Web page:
September 26th, 2008 5:33 pm | by NILINA MASON-CAMPBELL Music | Posted In: Columns, Columns

Hang the DJ: DJ Monkeytek

dj Slightly evasive when it comes to the origin of his DJ name and unwilling to disclose his real name, DJ Monkeytek keeps a mysterious profile. Guess you'll just have to hunt him down behind the decks to find out his true identity. Luckily you'll find out some info, such as just where he spins (maybe to help with your detective activities), in this here column. He also clues us into his work with LoDubs Records—which got featured in the Portland issue of XLR8R on page 66. The local label makes a go of it producing primarily 12" releases; that means no digital sales whatsoever. What else will you find out? Take a look below and see:

How did you decide on your DJ name?
Well, the name sorta happened through a series of happy accidents and collisions.

As the Rapture say, "People don't dance no more, they just stand there like this" - how often do you encounter this?

Any surefire hits that make it so it's rare?
The music I play cant be described as "hits"—at least in the traditional sense of the word. People come to Various because they like bass music played on a proper soundsystem. We employ the mighty H.A.S sound system every month to ensure proper sound quality. People respond to the bass and to the tunes they are feeling, shouting out when a tune drops particularly heavily. The soundsystem really lets you know the full depth of a tune. It's crazy.

Ideal crowd?
Open minded, playful, serious, into heavy bass and good vibes.

How do you feel about requests?

Do you have a story about a particular request or requester?
Not really. For the most part, the people who come to Various know the score and don't embarrass themselves. Of course, from time to time the odd blonde will ramble in from the west and ask for some rap music or some shit.

Do you DJ full time? / What do you do outside of DJing?
Yes and no. I work on our label LoDubs Records finding tunes to release on 12" and our night Various (at Branx every first Saturday). Also, gardening and hanging out with my dog Jojo and my friends.

You say "our." Who are your partners in crime? How did you come initially together for Various?
I run the Various night monthly at Branx alongside Ryan Organ. We started Various in December 2006 so we'd have a night to gather with friends and play the music we want. It has since grown into a night of massively bass-heavy music. The subtitle for the night is "Dubstep, Jungle, Dub & Ruckus." This sums up the kinds of music we play. Dubstep is the primary form of music featured at Various.

Lo Dubs Records is run by Jon A.D. I work with him to find tunes to release on 12" records. We don't do digital distribution, only 12". Our aim is to release music by people pushing dubstep forward. We have releases by Starkey (Philly), 6Blocc (LA), XI (Canada), Bombaman (Canada), DZ (Canada) and most recently Pacheko (Venezuela).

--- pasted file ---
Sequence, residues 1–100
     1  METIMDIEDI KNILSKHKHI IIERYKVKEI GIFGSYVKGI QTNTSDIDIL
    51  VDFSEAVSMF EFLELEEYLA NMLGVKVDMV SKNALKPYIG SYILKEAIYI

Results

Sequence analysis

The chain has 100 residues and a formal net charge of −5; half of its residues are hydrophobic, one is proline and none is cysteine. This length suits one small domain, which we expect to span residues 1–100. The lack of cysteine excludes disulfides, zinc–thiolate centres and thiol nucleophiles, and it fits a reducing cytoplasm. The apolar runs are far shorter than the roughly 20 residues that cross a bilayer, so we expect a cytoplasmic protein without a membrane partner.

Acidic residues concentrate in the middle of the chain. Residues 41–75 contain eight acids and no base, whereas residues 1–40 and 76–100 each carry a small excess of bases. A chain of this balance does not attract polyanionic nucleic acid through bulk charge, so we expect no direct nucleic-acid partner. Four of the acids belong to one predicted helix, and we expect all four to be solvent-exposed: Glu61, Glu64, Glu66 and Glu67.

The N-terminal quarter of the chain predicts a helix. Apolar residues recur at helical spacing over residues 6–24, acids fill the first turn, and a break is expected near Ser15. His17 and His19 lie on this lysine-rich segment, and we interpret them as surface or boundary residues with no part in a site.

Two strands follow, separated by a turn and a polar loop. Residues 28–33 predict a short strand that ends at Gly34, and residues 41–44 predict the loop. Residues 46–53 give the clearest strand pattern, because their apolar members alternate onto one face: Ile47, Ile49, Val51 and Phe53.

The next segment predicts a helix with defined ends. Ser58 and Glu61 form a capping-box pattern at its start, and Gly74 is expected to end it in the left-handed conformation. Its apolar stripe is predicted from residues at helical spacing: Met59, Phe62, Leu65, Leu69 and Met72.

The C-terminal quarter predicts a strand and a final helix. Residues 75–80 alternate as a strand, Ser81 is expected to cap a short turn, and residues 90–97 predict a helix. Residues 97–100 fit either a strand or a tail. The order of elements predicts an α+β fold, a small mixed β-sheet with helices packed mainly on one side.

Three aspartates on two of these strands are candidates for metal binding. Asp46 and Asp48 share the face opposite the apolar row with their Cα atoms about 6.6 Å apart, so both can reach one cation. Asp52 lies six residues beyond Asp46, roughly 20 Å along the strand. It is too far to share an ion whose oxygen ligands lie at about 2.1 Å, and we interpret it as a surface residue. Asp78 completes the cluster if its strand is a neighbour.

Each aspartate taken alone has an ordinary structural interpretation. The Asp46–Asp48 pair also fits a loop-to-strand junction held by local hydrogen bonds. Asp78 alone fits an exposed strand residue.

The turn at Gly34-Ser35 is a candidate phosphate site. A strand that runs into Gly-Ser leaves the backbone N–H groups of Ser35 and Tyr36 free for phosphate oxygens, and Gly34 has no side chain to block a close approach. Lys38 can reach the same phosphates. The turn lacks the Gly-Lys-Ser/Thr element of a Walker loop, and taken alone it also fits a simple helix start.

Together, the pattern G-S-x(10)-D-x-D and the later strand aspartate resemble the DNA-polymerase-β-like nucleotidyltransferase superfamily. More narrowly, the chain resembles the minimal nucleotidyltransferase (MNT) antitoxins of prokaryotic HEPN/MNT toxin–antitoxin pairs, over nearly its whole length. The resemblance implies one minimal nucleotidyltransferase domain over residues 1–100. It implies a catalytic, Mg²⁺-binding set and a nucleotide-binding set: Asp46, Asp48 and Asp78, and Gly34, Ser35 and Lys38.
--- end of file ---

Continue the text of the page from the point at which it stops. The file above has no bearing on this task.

Where can we find you?
Branx, Holocene, San Francisco, Seattle.

How'd you get your current main gig?
Through a series of thoughts and actions.

What thoughts and actions? Did you already know someone at the club? Was it there before Conrad took over booking the venue?
Well, we are friends with the people who do Kulturszene at Branx and they helped us get our Branx residency. This was before Conrad was involved. We have since worked with Conrad on a few high profile bookings such as Kode9, who is a massive influence on me.

How long have you been spinning?
Since 1996.

What drew you to DJing originally?
I like to combine things and see what happens. Even now, what makes me happiest is when two songs interact in that way... like "boom!," then I know I did something well.

You like to combine things and see what happens? Does this apply to chemistry, too?
Pardon? Ah, well... DJing is chemistry, certainly! A lot pf people seem to play track to track without any overall journey. At the end of the day, a DJ should bring something interesting in the transitions between tunes, making them interact and work off each other. Timing is also essential. You can't just get up there and hammer out gnarly tunes the whole time.

What are your thoughts on vinyl vs. CDs vs. laptops?
I prefer records. I think music—especially dance music—is meant to be properly mastered and prepared for 12" vinyl. I'd rather not hear some awful sounding unmastered mp3 some guy grabbed for free off the internet.

I don't DJ off laptops. I really hate seeing laptops in the dancehall. I play a lot of unreleased tunes and I cut dubplates as much as I can. I also use CDs.

What songs will we find ourselves dancing to with you?
XI - Glass- dubplate
Unknown - Cuss Cuss- whitelabel
DZ- Chalice V.I.P. - Lo Dubs dubplate
Skream- Dub4 - dub
Sully- Broadway G - 12"

How would you describe yourself in five words or less—complete sentence or not:
I like to have fun.

How do you describe the genre you play?
Bass-heavy, like 140 bpm, fun! Dub for the dancefloor.

Who are your other favorite Portland DJs?
E3, Ryan Organ, Mecca, The Bassist, Realiez.

DJ MonkeytekSpace
LoDub RecordsSpace

Photo courtesy of DJ Monkeytek
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